The Rose-a-Roc standard fins are long, swept, and fairly high drag, especially since I only planned on flying this on A and B motors so I made a little substitution and went with some smaller G10 fins from Aerospace Speciality Products. I believe the standard kit will include the swept fin pattern as well as an optional tip for smaller delta or trapezoidal fins.
Next up come the blades, which are the most time consuming aspect of the project, assuming you want a decent airfoil. Since the beta was a last minute cobbling together of some common materials, I am not sure what balsa the finished kit will use but will say I used a single piece of 3x12 stock for the blades. Before cutting anything, I first airfoiled the outside edges as trailing edges. I then marked 1" lines and cut one of the blades loose. Next, I airfoiled a trailing edge on the freshly cut 2" wide piece and a leading edge on the freshly cut 1" piece. I then cut the 2" piece into two 1 inch blades, sanding leading edges onto each. This seems to me to be the best method for ensuring even airfoils and consistent blade weights, which is a key to copter performance.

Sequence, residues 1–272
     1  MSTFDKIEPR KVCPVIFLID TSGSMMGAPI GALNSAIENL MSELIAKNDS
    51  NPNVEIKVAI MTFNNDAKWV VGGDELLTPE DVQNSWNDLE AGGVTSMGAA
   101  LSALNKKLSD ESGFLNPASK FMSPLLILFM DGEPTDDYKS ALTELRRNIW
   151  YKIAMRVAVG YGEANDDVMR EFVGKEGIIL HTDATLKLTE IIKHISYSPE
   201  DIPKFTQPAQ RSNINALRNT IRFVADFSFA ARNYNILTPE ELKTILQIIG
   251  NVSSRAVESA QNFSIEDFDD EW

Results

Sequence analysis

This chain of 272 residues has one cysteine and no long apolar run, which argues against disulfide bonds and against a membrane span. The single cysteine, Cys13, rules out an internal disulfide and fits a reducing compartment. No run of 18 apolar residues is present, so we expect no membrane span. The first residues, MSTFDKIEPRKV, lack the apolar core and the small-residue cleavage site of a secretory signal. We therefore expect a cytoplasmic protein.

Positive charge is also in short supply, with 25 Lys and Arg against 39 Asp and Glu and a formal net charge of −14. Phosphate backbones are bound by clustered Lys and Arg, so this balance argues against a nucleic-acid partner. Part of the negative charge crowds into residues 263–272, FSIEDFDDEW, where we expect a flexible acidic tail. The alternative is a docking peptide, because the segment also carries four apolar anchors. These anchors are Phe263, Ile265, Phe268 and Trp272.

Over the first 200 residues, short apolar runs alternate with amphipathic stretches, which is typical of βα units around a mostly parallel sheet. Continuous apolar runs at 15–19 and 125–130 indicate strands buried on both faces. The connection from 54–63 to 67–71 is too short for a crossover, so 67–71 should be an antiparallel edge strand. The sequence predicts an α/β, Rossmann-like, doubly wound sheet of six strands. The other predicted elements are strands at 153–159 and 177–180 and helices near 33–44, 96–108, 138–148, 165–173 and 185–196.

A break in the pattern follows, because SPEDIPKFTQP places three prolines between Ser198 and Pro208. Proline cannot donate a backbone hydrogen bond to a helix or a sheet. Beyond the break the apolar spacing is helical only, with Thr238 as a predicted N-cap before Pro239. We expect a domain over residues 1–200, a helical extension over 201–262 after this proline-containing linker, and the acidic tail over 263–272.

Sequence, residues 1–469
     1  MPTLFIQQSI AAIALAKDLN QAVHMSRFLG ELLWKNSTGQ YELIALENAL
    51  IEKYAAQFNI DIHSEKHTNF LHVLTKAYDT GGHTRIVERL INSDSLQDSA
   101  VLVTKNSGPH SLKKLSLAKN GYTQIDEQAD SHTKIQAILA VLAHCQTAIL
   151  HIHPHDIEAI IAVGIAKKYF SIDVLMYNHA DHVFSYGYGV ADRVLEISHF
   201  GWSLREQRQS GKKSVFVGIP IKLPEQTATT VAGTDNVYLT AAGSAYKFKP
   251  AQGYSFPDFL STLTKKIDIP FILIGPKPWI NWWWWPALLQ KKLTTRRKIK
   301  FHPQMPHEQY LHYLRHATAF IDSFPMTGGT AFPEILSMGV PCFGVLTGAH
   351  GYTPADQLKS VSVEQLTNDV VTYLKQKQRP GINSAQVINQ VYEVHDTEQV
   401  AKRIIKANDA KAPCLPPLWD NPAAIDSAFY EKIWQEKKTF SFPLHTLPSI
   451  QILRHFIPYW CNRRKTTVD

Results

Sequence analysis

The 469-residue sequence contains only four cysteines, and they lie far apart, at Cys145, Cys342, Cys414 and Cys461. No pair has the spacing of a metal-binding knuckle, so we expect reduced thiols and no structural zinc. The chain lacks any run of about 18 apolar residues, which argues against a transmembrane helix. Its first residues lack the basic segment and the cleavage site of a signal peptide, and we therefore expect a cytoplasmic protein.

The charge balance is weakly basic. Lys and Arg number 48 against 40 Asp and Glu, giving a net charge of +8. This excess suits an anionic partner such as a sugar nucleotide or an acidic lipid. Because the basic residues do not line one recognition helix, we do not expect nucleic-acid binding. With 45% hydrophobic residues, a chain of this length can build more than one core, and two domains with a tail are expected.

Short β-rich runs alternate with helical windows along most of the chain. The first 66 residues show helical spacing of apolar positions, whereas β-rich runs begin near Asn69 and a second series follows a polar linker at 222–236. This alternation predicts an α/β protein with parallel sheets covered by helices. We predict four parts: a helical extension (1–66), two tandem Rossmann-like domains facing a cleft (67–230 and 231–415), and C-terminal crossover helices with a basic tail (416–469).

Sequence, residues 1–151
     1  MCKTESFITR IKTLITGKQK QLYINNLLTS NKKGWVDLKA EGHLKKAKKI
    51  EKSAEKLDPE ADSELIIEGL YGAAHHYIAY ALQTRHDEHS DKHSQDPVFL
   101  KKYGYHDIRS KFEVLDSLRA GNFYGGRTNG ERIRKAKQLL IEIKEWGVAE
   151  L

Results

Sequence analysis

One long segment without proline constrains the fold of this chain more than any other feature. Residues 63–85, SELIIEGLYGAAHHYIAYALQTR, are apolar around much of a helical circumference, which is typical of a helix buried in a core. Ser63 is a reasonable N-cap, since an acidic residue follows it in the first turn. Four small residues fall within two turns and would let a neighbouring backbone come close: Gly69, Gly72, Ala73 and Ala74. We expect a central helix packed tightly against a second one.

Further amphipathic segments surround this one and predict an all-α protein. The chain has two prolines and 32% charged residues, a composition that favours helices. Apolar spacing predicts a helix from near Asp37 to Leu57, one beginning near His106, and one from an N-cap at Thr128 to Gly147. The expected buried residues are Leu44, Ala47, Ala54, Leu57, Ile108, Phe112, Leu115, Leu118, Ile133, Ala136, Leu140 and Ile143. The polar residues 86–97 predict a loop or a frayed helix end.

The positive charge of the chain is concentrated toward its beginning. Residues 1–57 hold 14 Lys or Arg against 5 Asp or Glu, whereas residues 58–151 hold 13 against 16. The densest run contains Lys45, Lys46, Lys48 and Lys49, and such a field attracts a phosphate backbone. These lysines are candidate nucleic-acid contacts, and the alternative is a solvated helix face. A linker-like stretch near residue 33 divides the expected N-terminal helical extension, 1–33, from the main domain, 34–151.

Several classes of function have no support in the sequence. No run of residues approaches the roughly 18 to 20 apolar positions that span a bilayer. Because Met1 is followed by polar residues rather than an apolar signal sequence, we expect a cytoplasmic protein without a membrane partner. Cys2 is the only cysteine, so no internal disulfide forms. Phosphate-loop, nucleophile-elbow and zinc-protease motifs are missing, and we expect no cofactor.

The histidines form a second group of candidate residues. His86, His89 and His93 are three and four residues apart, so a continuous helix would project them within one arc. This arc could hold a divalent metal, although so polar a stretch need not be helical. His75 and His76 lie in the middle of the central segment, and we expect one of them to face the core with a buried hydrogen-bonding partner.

Once you've got airfoiled blades, it's time to upgrade them to Rose-a-Roc folding style. First, you need to cut out a roughly 5/8" section from the interior edge of the blade, which is used as the top half of a balsa sandwich that hold the hinges in place. I'm sure the instructions will make this clear and simple, but I goofed and cut mine on the wrong side (it should be trailing side, not leading side). I was able to work around this goof, but it basically cost me over half an inch of blade length. After you've removed the notch, you need to split the blade lengthwise. Again, I'm not sure how the final kit will handle this as Jim intends to use Monokote as hinge material, which we did not have available for the beta build. What I wound up doing through trial and error getting better with each blade was applying reinforced fiberglass packing tape to the flat side of each blade then making the cut from the airfoiled side roughly halfway into the wood. I then split the seam open by hand. The key is to make it flexible enough to fold back over onto itself but firm enough to stop and not open to more than a perfectly flat/airfoiled 180 degree position (e.g., you don't want the tape hinge to stretch or slip, holding the underside flat). You then glue little elastic pieces across the top side of the blades in 3 positions. With the elastic in place, the blade can be folded onto itself but will snap back open. The final blade step is tacking on a U-hook made by forming some heavy duty stiff wire. I had all sorts of fits getting the wire bent precisely right, which is critical. Jim and I discussed a number of possible enhancements, and I believe he will be some sort of alignment jig or go/no-go gauge.